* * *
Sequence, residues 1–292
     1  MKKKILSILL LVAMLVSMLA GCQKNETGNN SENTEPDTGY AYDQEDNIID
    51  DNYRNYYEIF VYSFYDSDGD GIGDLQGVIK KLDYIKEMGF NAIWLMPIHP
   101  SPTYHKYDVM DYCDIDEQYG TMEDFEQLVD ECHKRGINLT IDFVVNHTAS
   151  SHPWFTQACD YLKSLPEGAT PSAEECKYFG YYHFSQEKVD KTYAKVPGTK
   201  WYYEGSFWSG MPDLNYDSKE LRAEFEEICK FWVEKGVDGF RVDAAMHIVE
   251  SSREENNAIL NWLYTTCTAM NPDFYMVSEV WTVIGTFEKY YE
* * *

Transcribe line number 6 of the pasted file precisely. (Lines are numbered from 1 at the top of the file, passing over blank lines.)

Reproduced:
   201  WYYEGSFWSG MPDLNYDSKE LRAEFEEICK FWVEKGVDGF RVDAAMHIVE